time t1 taken from a first timing at which the beam deflected by the upper-stage reflection mirror is incident on the common photodetecting unit and causes the synchronization detection signal to be generated to a second timing at which the beam deflected by the lower-stage reflection mirror is incident on the common photodetecting unit and causes the synchronization detection signal to be generated is different from time t2 taken from the second timing to the first timing.
  3. 3. The optical scanning device according to claim 1, wherein, number of the reflection mirrors on each of the stages N and the predetermined angle θ1 satisfy

    θ1≠n /N.
  4. 4. The optical scanning device according to claim 1, wherein number of common photodetecting units is one.
  5. 5. The optical scanning device according to claim 1, wherein the common photodetecting unit is a nonparallel photodiode sensor provided outside a writing area in a main-scanning direction of the optical scanning device.
  6. 6. An image forming apparatus that forms an electrostatic lateral image on each of a plurality of photosensitive elements, forms a toner image by visualizing the electrostatic latent image, and synthesizing an image on a sheet-type recording medium by transferring toner images on the recording medium, the image forming apparatus comprising an optical scanning device according to claim 1.
  7. 7. The image forming apparatus according to claim 6, wherein
    number of the photosensitive elements is four,
    the optical scanning device includes two light sources that respectively emit beams for performing the optical scanning on four of the photosensitive elements, and
    the electrostatic latent images formed on four of the photosensitive elements are respectively visualized with magenta, yellow, cyan, and black toners to form a color image.
  8. 8. An optical scanning device comprising:
    a plurality of common light sources that is driven by a direct modulation;
    a deflecting unit including a reflection mirror having N number of surfaces, where N is a positive integer;
    a beam splitting unit that splits a beam emitted from the common light sources and outputs a split beam to the reflection mirror;
    a scanning optical system that guides a beam scanned by the deflecting unit to a scanning target surface; and
    a common photodetecting unit that detects a plurality of split beams scanned by the deflecting unit, wherein
    the split beams respectively scan different scanning target surfaces,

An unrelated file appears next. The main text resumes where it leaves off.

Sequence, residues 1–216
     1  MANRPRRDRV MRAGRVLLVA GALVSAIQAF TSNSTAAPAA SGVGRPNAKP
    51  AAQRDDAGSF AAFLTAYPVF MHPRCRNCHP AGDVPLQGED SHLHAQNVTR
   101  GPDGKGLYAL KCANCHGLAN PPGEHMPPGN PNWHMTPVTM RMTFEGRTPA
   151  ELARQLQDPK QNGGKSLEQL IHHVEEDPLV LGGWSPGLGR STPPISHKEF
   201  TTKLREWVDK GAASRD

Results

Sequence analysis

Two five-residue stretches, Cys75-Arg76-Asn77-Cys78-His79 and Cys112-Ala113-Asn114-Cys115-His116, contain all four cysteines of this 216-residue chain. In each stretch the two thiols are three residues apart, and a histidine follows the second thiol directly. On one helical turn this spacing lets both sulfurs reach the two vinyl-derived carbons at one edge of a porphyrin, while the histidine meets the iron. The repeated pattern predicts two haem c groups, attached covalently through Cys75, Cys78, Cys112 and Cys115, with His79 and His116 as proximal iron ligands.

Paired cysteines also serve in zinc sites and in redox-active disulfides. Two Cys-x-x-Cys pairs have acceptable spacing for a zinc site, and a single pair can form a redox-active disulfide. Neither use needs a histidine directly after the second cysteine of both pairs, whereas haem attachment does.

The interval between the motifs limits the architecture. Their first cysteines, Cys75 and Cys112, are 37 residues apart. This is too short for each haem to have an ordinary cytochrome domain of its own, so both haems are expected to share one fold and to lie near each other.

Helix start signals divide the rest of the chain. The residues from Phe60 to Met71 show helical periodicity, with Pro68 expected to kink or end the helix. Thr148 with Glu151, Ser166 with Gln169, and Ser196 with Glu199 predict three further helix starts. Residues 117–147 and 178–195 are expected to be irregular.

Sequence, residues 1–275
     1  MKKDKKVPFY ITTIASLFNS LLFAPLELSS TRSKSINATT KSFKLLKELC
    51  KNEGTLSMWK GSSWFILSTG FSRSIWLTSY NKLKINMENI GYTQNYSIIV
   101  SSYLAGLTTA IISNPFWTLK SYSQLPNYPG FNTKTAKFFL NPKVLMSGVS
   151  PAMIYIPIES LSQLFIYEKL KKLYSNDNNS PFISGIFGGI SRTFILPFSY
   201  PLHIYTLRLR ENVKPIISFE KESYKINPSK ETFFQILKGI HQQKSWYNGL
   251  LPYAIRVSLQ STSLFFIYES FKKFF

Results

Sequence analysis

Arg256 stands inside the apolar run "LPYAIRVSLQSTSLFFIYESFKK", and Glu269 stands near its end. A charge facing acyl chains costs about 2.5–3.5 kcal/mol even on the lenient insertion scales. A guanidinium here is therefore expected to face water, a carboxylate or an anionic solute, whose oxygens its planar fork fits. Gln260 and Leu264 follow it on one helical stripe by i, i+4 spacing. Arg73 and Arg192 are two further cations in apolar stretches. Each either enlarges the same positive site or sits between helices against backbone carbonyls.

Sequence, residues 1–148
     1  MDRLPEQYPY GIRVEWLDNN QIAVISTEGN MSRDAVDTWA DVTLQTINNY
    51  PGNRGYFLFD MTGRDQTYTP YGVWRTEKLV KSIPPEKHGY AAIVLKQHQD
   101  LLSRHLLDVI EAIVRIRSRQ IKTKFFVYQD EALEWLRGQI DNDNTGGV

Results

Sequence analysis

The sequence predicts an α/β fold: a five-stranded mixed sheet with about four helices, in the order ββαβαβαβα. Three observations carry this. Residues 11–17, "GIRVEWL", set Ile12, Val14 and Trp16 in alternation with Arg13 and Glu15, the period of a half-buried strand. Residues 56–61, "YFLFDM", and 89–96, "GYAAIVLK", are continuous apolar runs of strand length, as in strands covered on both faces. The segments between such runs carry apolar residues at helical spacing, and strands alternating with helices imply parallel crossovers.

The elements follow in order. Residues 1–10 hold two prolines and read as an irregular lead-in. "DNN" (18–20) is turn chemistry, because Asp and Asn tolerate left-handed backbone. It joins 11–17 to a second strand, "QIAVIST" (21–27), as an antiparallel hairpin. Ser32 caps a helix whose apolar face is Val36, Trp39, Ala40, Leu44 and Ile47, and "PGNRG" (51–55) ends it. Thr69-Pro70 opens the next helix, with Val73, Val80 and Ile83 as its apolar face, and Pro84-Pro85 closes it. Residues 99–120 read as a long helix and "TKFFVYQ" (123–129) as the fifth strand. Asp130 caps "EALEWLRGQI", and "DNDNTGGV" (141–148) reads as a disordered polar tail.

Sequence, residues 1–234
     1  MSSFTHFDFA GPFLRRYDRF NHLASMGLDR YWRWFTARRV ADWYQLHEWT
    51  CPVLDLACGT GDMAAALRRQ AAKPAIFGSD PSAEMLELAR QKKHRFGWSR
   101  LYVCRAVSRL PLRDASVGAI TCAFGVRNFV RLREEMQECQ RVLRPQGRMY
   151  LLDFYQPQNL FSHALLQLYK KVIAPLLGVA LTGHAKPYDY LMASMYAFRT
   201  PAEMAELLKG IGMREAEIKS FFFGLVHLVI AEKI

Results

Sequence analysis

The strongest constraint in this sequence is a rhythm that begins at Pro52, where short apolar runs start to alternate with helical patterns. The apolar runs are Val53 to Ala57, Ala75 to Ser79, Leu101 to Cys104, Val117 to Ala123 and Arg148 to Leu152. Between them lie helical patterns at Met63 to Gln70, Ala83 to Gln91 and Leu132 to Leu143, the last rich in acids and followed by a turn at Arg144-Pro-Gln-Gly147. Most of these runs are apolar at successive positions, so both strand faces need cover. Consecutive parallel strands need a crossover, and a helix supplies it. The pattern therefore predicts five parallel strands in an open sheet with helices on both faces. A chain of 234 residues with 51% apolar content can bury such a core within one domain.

incident directions of the beams incident on the reflection mirror from the common light sources make a predetermined angle θ2 in a direction of rotation of the reflection mirror, and
    when time between two consecutive synchronization detection signals on a time line generated by the common photodetecting unit is ti, where i is a positive integer equal to or smaller than number of the split beams, at least one of ti is different from others.
  9. 9. The optical scanning device according to claim 8, wherein
    the beams from the light sources are incident on the reflecting mirror in two different directions including a first direction and a second direction, and
    time t1′ taken from a first timing at which the beam in the first direction is incident on the common photodetecting unit and causes the synchronization detection signal to be generated to a second timing at which the beam in the second direction is incident on the common photodetecting unit and causes the synchronization detection signal to be generated is different from time t2′ taken from the second timing to the first timing.
  10. 10. The optical scanning device according to claim 8, wherein number of the incident directions of the beams incident on the reflection mirror N and the predetermined angle θ2 satisfy

    θ2#n /N.
  11. 11. The optical scanning device according to claim 10, wherein the incident direction of the beams from the light sources are set to make a predetermined angle in a direction perpendicular to the direction of rotation of the reflecting mirror.
  12. 12. The optical scanning device according to claim 8, wherein number of common photodetecting units is one.
  13. 13. The optical scanning device according to claim 8, wherein the common photodetecting unit is a nonparallel photodiode sensor provided outside a writing area in a main-scanning direction of the optical scanning device.
  14. 14. An image forming apparatus that forms an electrostatic lateral image on each of a plurality of photosensitive elements, forms a toner image by visualizing the electrostatic latent image, and synthesizing an image on a sheet-type recording medium by transferring toner images on the recording medium, the image forming apparatus comprising an optical scanning device according to claim 8.
  15. 15. The image forming apparatus according to claim 14, wherein
    number of the photosensitive elements is four,
    the optical scanning device includes two light sources that respectively emit beams for performing the optical scanning on four of the photosensitive elements, and
    the electrostatic latent images formed on four of the photosensitive elements are respectively visualized with magenta, yellow, cyan, and black toners to form a color image.
US11889033 2006-09-01 2007-08-08 Optical scanning device and image forming apparatus Active US7471434B2 (en)